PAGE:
After I woke up (~40 years old), largely thanks to our daughter’s health issues, we cleaned up our act at home. I worked with experts and tried most of the diets you all might believe in. Certainly always clean. Gluten-free. Dairy-free. Sugar-free. Sometimes (2 years) vegan. Often (many years) grain-free/lectin-free. Celery juice. Smoothies. Believe it or not, with careful planning and a lot of effort, there is still plenty to eat and a way to balance meals. Saunas. Yoga teacher certification. Meditation. Exercise. Better sleep. We did heal Sophie’s hemiplegic migraines. Yay! We did ultimately learn about our sensitivity to molds and heavy metals, and how to safely clear them. Yay! I did feel better for a while. Then, I didn’t. Then I got one of the more difficult cancers to heal, all while I was doing “everything you can do” to avoid the health issues that tend to come with aging, regardless of my genes. Maybe it was too late in my life to reverse that course. Maybe my body is especially sensitive. It worked for Sophie (and lots of other people), and I’d make that tradeoff over and over. Heal my daughter, leave me with the work.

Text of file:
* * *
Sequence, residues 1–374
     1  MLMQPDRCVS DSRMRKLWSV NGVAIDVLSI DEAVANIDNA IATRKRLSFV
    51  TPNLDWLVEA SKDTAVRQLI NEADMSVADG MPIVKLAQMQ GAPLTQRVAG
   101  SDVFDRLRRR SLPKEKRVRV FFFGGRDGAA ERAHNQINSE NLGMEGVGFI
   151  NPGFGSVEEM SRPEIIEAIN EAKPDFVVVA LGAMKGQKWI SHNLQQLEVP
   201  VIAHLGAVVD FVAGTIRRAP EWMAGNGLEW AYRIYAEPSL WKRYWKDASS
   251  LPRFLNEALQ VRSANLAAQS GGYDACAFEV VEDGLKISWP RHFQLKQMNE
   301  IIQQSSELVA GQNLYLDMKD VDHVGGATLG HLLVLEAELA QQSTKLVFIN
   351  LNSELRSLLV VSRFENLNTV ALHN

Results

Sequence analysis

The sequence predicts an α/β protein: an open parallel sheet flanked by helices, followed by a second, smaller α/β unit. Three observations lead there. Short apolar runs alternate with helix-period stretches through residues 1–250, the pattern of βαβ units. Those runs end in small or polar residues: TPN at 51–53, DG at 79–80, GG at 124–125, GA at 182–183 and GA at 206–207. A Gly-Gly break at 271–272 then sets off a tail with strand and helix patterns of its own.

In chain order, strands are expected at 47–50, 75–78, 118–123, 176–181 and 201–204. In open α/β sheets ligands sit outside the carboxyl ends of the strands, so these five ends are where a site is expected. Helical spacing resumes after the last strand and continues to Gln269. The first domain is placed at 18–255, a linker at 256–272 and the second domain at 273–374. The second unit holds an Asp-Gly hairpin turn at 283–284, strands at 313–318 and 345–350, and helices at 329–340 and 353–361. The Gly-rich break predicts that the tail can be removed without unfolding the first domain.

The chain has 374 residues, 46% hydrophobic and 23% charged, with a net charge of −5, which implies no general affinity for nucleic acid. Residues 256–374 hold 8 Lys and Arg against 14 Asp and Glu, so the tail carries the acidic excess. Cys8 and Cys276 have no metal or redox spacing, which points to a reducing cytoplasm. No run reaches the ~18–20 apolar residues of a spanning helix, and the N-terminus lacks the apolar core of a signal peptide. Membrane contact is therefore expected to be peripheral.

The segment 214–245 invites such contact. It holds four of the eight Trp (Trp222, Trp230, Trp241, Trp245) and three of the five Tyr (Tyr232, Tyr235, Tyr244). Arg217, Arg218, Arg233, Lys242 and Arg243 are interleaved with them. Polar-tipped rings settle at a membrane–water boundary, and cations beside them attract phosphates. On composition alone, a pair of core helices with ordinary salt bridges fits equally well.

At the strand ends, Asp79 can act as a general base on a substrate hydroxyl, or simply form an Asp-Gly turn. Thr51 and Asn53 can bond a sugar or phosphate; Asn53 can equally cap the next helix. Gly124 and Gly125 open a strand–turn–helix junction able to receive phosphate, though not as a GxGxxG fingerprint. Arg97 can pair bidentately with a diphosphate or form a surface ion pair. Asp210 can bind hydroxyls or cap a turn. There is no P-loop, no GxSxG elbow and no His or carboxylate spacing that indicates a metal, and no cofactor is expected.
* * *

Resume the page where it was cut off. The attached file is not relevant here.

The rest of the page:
Experiment #3: Treating Ovarian Cancer with Traditional Medicine

February 2020 to May 2021. Surgery. Chemo. It works sometimes. 20% to be exact. I’m not particularly lucky in this case. I relied on science and a Rockstar nutritionist to fare well through that whole onslaught, continuing to eat, run, do yoga, parent, work, and have a life. But when I finished chemo with my cancer marker out of range, I was told to go into palliative care. That wasn’t my fault. The chemo was ineffective against my cancer, as it is the majority of the time. Why do they use it? It’s the “gold standard” despite 30 years of bad results. I believed it would work because my oncologist was encouraged about “how well I was doing.” I believed it would be a blip before I could begin healing again. This lab mouse’s hopes were again dashed, but knowing all I did, I leaned back into my faith in…